South Carolina Department of Archives and History
National Register Properties in South Carolina

Converse Heights Historic District, Spartanburg County (Spartanburg)
S1081774206101 S1081774206102 S1081774206103 S1081774206104 S1081774206105
504 Otis Blvd. 573 Otis Blvd. 591 Otis Blvd. 634 Otis Blvd. 709 Otis Blvd.
S1081774206106 S1081774206107 S1081774206108 S1081774206109 S1081774206110
715 Otis Blvd. Evans-Russell
716 Otis Blvd.
720 Otis Blvd. 710 Plume St. 755 Plume St.
S1081774206111 S1081774206112 S1081774206113 S1081774206114 S1081774206115
763 Plume St. 120 Connecticut Ave. 140 Connecticut Ave. 150 Connecticut Ave. 176 Connecticut Ave.
S1081774206116 S1081774206117 S1081774206118 S1081774206119 S1081774206120
203-215 Connecticut Ave. 221 Connecticut Ave. 254 Connecticut Ave. 269 Connecticut Ave. 364 Connecticut Ave.

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The Converse Heights Historic District is significant as an intact collection of residential architecture documenting architectural styles from ca. 1900 through the 1940s. The district documents the prevalent housing types for middle and upper class citizens in the early to mid-twentieth century and demonstrates the pattern of suburban development as automobile use became prevalent and as social views of housing shifted. The location of the neighborhood—close to the fast-growing business district—and the construction of a streetcar line that ran to the neighborhood entrance made the district and ideal location for local businessmen and professionals working in downtown Spartanburg. Within Converse Heights, restrictions were placed on new homebuilders mandating that homeowners spend at least $1500 on the construction of their homes which also attracted a certain level of Spartanburg’s business elite. The overall development of the Converse Heights neighborhood truly reflects the economic and social changes that Spartanburg was experiencing in the early to mid-twentieth century. The neighborhood is what many would call a “streetcar suburb”, a precursor to the modern-day suburban neighborhood. The Converse Heights neighborhood showcases each of the key architectural styles used throughout the twentieth century. The district, which was developed continuously from 1906 through the 1950s, includes single and multi-family residential buildings in the Queen Anne, American Foursquare, Craftsman, Spanish Mission, Tudor, Colonial Revival, Neo-Classical and Minimal Traditional styles. The district includes 461 contributing buildings and 65 non-contributing buildings. Listed in the National Register September 25, 2007.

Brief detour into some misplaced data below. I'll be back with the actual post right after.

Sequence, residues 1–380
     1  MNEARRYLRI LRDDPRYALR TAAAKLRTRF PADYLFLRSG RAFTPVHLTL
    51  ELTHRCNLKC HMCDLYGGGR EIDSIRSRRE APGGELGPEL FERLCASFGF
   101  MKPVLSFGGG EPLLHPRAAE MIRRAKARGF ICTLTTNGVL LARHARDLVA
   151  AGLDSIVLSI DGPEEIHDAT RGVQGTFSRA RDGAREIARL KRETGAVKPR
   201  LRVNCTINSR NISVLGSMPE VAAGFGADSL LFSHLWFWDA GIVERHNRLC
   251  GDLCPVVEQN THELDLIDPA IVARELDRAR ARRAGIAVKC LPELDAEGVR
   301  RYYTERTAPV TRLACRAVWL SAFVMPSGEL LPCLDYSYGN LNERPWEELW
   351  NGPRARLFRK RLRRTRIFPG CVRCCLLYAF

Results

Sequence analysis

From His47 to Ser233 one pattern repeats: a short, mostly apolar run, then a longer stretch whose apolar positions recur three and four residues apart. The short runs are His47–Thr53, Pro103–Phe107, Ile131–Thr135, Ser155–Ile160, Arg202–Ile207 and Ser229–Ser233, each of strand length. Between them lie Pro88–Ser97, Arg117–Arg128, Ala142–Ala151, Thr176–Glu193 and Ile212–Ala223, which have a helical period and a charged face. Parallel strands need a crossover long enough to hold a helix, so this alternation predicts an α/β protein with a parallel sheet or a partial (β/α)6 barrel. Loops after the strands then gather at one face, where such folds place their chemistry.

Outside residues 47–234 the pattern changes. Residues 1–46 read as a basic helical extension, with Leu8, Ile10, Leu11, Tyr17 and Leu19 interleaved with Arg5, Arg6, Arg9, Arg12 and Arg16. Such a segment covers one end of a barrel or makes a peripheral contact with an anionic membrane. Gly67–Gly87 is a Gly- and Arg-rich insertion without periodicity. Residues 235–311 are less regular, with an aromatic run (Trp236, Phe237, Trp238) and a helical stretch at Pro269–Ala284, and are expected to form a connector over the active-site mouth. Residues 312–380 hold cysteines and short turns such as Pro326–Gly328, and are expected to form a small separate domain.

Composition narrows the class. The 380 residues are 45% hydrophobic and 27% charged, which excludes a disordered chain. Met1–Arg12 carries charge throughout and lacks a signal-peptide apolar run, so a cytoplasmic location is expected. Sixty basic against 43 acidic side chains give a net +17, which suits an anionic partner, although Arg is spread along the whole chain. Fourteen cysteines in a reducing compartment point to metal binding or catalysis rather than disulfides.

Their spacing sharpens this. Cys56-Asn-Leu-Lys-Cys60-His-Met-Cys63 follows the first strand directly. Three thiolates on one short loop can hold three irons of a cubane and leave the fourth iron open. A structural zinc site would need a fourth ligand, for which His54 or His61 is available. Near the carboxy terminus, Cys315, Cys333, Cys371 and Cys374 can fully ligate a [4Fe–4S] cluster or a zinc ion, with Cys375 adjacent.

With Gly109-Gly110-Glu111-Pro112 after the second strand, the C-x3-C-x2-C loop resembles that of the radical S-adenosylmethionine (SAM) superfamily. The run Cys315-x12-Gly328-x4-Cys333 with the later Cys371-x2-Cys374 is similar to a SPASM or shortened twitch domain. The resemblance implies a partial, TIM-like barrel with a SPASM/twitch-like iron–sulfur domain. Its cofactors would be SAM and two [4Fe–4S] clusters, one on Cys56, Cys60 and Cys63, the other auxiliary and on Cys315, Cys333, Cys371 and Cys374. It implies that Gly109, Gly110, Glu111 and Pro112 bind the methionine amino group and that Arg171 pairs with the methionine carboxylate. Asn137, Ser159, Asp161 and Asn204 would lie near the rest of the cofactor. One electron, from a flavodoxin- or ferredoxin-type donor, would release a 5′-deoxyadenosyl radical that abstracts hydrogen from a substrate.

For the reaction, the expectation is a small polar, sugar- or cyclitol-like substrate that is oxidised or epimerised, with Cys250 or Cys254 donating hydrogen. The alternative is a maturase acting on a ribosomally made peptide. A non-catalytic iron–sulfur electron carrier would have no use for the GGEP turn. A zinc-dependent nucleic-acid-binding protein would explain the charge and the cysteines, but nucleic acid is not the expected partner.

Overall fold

View a map showing the boundaries of the Converse Heights Historic District.

View the complete text of the nomination form for this National Register property.

Most National Register properties are privately owned and are not open to the public. The privacy of owners should be respected. Not all properties retain the same integrity as when originally documented and listed in the National Register due to changes and modifications over time.

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